A HST image of galaxy UGC 12158, which is thought to resemble the Milky Way in appearance A HST image of galaxy UGC 12158, which is thought to resemble the Milky Way in appearance - ImagesGram

A HST image of galaxy UGC 12158, which is thought to resemble the Milky Way in appearance


The Milky Way is the second-largest galaxy in the Local Group, with its stellar disk approximately 100,000 ly (30 kpc) in diameter and, on average, approximately 1,000 ly (0.3 kpc) thick. The Milky Way is approximately 1.5 trillion times the mass of the Sun. To compare the relative physical scale of the Milky Way, if the Solar System out to Neptune were the size of a US quarter (24.3 mm (0.955 in)), the Milky Way would be approximately the size of the contiguous United States. There is a ring-like filament of stars rippling above and below the relatively flat galactic plane, wrapping around the Milky Way at a diameter of 150,000–180,000 light-years (46–55 kpc), which may be part of the Milky Way itself.


Estimates of the mass of the Milky Way vary, depending upon the method and data used. The low end of the estimate range is 5.8×1011 solar masses (M☉), somewhat less than that of the Andromeda Galaxy. Measurements using the Very Long Baseline Array in 2009 found velocities as large as 254 km/s (570,000 mph) for stars at the outer edge of the Milky Way. Because the orbital velocity depends on the total mass inside the orbital radius, this suggests that the Milky Way is more massive, roughly equaling the mass of Andromeda Galaxy at 7×1011 M☉ within 160,000 ly (49 kpc) of its center. In 2010, a measurement of the radial velocity of halo stars found that the mass enclosed within 80 kiloparsecs is 7×1011 M☉. According to a study published in 2014, the mass of the entire Milky Way is estimated to be 8.5×1011 M☉, but this is only half the mass of the Andromeda Galaxy. A recent mass estimate for the Milky Way is 1.29×1012 M☉.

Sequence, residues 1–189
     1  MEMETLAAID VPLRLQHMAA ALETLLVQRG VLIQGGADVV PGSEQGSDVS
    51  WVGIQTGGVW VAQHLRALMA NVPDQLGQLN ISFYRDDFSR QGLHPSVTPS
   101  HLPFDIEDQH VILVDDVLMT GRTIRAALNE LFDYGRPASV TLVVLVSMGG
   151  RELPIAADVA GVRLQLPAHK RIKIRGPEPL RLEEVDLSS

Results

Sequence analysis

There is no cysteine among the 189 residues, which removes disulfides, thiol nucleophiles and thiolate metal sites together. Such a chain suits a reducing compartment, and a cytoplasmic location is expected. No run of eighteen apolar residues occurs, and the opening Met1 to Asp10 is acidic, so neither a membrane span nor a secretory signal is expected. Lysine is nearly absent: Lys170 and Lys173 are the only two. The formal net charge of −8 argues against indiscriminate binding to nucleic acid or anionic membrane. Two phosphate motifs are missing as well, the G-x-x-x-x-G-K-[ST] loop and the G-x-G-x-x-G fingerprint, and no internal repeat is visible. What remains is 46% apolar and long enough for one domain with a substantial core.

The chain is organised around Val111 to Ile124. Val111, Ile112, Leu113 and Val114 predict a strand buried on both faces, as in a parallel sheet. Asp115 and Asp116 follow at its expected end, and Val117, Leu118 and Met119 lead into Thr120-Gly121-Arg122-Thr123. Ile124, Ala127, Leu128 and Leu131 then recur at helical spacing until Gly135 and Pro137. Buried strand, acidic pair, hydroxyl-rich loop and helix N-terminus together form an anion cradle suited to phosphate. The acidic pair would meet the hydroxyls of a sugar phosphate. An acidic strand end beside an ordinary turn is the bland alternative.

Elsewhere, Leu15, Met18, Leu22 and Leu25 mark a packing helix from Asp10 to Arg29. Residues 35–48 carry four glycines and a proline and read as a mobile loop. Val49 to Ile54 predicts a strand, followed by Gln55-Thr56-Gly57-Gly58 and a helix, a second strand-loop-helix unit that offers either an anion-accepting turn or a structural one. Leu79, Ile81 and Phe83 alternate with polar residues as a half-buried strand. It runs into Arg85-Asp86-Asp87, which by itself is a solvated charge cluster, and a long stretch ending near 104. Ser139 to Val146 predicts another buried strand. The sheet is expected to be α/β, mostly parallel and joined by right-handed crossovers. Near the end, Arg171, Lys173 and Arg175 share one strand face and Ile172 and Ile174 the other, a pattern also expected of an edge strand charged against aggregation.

Much of the mass of the Milky Way seems to be dark matter, an unknown and invisible form of matter that interacts gravitationally with ordinary matter. A dark matter halo is conjectured to spread out relatively uniformly to a distance beyond one hundred kiloparsecs (kpc) from the Galactic Center. Mathematical models of the Milky Way suggest that the mass of dark matter is 1–1.5×1012 M☉. Recent studies indicate a range in mass, as large as 4.5×1012 M☉ and as small as 8×1011 M☉. The total mass of all the stars in the Milky Way is estimated to be between 4.6×1010 M☉ and 6.43×1010 M☉. In addition to the stars, there is also interstellar gas, comprising 90% hydrogen and 10% helium by mass, with two thirds of the hydrogen found in the atomic form and the remaining one-third as molecular hydrogen. The mass of the Milky Way's interstellar gas is equal to between 10% and 15% of the total mass of its stars. Interstellar dust accounts for an additional 1% of the total mass of the gas.

In March 2019, astronomers reported that the mass of the Milky Way galaxy is 1.5 trillion solar masses within a radius of about 129,000 light-years, over twice as much as was determined in earlier studies, and suggesting that about 90% of the mass of the galaxy is dark matter.